In January 1975 the junta members were formally arrested and in early August of the same year the government of Karamanlis brought charges of high treason and mutiny against Georgios Papadopoulos and nineteen other co-conspirators of the military regime. The mass trials, described as “Greece’s Nuremberg “, were staged at the Korydallos Prison under heavy security and televised. One thousand soldiers armed with submachine guns provided security. The roads leading to the jail were patrolled by tanks. Papadopoulos and Ioannides were sentenced to death for high treason, but these sentences were later commuted to life imprisonment by the Karamanlis government.
New Democracy went on to win the Greek legislative election in 1977, and Karamanlis continued to serve as Prime Minister until May 10, 1980, when he succeeded Tsatsos as President of Greece and then cohabited for four years (1981–1985) with his fierce political opponent and leader of PASOK, the Greek socialist party, prime minister Andreas Papandreou. PASOK and Papandreou captured the sizeable center-left current in Greece, which emerged from fragmented resistance groups that were active during the dictatorship.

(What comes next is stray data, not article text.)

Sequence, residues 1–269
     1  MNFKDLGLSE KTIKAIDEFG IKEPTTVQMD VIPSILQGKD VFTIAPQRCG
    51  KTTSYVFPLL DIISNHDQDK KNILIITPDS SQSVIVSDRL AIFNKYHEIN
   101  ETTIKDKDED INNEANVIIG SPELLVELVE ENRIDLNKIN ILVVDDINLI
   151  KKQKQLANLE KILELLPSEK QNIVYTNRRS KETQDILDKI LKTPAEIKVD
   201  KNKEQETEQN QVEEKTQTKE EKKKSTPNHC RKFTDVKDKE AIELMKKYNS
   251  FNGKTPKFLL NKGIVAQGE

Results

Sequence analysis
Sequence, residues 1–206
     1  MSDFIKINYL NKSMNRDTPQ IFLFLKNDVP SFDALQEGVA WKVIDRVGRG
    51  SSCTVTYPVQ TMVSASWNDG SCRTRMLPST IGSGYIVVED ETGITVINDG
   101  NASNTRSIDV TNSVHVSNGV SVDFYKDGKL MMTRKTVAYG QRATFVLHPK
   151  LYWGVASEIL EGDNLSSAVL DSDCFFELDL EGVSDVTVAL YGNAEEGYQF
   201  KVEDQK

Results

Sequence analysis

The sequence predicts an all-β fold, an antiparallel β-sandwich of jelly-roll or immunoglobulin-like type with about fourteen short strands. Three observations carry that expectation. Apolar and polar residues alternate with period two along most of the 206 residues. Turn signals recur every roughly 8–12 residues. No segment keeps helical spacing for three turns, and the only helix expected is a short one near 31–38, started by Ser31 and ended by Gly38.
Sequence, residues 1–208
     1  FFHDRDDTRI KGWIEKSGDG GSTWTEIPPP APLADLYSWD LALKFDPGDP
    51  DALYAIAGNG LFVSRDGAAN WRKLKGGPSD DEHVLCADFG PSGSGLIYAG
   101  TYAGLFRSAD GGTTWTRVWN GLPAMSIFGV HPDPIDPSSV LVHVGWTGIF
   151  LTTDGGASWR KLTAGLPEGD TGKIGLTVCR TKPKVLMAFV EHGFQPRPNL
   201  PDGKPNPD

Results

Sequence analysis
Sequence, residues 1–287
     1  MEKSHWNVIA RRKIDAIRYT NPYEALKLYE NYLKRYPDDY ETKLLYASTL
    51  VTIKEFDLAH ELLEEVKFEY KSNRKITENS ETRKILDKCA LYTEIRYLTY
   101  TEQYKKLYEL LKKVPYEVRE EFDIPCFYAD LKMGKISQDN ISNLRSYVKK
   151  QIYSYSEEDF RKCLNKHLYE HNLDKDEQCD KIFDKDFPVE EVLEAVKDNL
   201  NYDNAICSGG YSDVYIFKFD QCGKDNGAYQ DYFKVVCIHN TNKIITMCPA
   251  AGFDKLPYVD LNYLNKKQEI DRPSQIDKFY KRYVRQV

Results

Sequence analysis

The political and social views expounded by PASOK were in antithesis to the centre-right policies followed by the conservative government of ND (1974–1981). According to Ino Afentouli, the political expression of the metapolitefsi, namely the coming to power of a conservative leader such as Karamanlis, did not correspond to the changes which had in the meantime befallen Greek society. Thereby, this current often opposed ND’s governments, disdained the old centrist political elite expressed by Center Union – New Forces (and its leader Georgios Mavros) and prompted the rise to power of PASOK and Papandreou in the elections of 1981.

Since 1974 Papandreou challenged Karamanlis’ choices and objected to his dominant role in defining post-1974 democracy, while others political forces of the opposition, such as Center Union – New Forces and EDA occasionally offered him an inconsistent support, especially during 1974-1977.
In the elections of 1981 Papandreou used as slogan the catch word change (Greek: αλλαγή). Some analysts, including Afentouli, regard PASOK’s victory under Papandreou as a culmination of the metapolitefsi of 1974, given that the fall of the junta had not been accompanied by the rise of new political powers, but rather by the resumption of power by the old guard politicians.

Nonetheless, Karamanlis or the Hellenic Republic’s Ethnarch is acknowledged for his successful restoration of Democracy and the repair of the two great national schisms by first legalising the communist party and by establishing the system of presidential democracy in Greece. His successful prosecution of the junta during the junta trials and the heavy sentences imposed on the junta principals also sent a message to the army that the era of immunity from constitutional transgressions by the military was over.

He was certainly one of the greatest leaders this country has ever known….
Sources